After making my way through the Crowsnest Pass in the Southern Canadian Rockies, I headed due north to Golden, British Columbia.  Lying just west of the Rockies, Golden was conveniently nestled among about 6 world-class national parks – and I heard there was whitewater rafting available.   It sounded like a pretty good place to make camp for a few days while exploring the national parks nearby.

Before I left, my sister-in-law gave me a book on the hot springs of Western Canada. She had made the same type of trip that I am making many years before and had used the book to find out-of-the way places.  She enjoyed it so much, that she got me a copy.   I had read through the book, and the hot springs listed were not just a “bit” out of the way.  Many were nearly completely inaccessible, and most of them required really long hikes to reach.  If I were alone and traveling in a jeep or some other such 4 wheel drive small vehicle, I likely would have endeavored to reach every last one of them.  However, I was driving a rig that was as big as a semi truck and had two elderly dogs, one of whom could not walk very well.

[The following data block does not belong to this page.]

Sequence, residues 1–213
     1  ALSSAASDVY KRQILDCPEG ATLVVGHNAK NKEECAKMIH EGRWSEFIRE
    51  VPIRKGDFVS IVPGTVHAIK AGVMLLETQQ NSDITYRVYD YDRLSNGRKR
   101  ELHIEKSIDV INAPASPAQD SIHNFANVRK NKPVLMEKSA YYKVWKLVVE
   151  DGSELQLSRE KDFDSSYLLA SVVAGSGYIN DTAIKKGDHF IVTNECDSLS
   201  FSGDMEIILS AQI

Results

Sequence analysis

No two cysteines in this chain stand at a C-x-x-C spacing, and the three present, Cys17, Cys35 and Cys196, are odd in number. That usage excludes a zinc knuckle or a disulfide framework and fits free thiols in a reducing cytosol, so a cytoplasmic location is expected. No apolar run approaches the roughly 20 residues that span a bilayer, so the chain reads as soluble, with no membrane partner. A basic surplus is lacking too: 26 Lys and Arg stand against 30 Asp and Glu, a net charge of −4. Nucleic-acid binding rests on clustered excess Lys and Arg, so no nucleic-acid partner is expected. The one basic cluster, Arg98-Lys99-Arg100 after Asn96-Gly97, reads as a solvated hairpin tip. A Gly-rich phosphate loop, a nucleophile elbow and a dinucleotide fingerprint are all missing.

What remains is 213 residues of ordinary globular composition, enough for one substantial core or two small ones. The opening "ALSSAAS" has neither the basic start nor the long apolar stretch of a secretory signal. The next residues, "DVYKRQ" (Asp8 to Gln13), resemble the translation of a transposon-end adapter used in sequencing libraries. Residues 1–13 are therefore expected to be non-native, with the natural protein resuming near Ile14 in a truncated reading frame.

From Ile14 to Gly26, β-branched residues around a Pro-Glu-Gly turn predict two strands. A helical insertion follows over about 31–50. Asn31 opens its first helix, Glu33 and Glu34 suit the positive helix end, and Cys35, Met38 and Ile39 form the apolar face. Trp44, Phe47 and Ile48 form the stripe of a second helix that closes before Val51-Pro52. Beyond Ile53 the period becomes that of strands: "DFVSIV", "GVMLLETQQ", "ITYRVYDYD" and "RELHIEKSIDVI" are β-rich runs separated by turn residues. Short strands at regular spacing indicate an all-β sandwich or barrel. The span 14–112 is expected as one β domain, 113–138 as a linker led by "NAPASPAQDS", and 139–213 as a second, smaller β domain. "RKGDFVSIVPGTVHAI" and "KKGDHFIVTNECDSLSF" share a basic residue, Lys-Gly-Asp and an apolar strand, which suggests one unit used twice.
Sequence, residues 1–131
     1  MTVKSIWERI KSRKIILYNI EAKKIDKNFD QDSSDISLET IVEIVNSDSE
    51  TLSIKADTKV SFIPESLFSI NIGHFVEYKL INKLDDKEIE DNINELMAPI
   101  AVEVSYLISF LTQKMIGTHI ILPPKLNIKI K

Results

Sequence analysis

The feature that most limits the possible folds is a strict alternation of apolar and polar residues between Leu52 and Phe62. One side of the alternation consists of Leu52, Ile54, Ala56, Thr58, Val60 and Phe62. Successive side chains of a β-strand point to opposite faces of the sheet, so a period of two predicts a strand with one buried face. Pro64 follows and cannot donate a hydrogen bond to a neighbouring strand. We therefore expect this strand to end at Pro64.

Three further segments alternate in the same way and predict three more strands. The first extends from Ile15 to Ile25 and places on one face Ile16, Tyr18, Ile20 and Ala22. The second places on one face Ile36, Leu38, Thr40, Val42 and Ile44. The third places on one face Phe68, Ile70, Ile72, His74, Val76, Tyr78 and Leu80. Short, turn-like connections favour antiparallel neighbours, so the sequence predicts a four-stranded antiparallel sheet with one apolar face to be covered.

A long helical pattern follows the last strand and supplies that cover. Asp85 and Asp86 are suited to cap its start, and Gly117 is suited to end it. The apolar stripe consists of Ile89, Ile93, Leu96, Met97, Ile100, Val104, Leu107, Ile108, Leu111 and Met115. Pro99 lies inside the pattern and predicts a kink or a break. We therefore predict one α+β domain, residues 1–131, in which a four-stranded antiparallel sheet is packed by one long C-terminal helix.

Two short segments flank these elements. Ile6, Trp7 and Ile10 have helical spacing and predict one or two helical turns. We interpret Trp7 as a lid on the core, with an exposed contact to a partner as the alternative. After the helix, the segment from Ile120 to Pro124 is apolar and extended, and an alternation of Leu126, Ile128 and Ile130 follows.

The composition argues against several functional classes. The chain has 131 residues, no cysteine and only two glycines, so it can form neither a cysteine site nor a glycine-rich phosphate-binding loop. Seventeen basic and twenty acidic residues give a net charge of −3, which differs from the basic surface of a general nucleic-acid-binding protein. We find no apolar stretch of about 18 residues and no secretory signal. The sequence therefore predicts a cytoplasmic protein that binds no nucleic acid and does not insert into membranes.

After a couple of nights of reading this book, I found one spring that was along the way to Golden. I was determined to visit one of the hot springs from the book, and this looked like it would be the only feasible one.

Rule #1:  Don’t Trust the Guidebook,
No Matter What it Promises

Lussier Spring, was maybe 2-3 hours south of my destination of Golden, which meant it was about halfway to Golden from Pincher Creek, the town just on the western side of the Rockies.  Perfect!  That meant I could drive 3 hours, quickly visit the spring and then be on my way to Golden.  In addition to being on the way, Lussier Spring was listed as having “roads easily accessible with ‘any type’ of vehicle.”  Even better!

I diligently watched for the turnoff and was pretty sure I had found it when I spotted a fairly large dirt road which appeared to be used for logging.  Of course, it was an extremely sharp curve back to my right, which was difficult to see from the RV.  I had slowed down significantly, and would be able to make the turn (barely), but I couldn’t really make out the signs because they were facing oncoming traffic instead of my direction.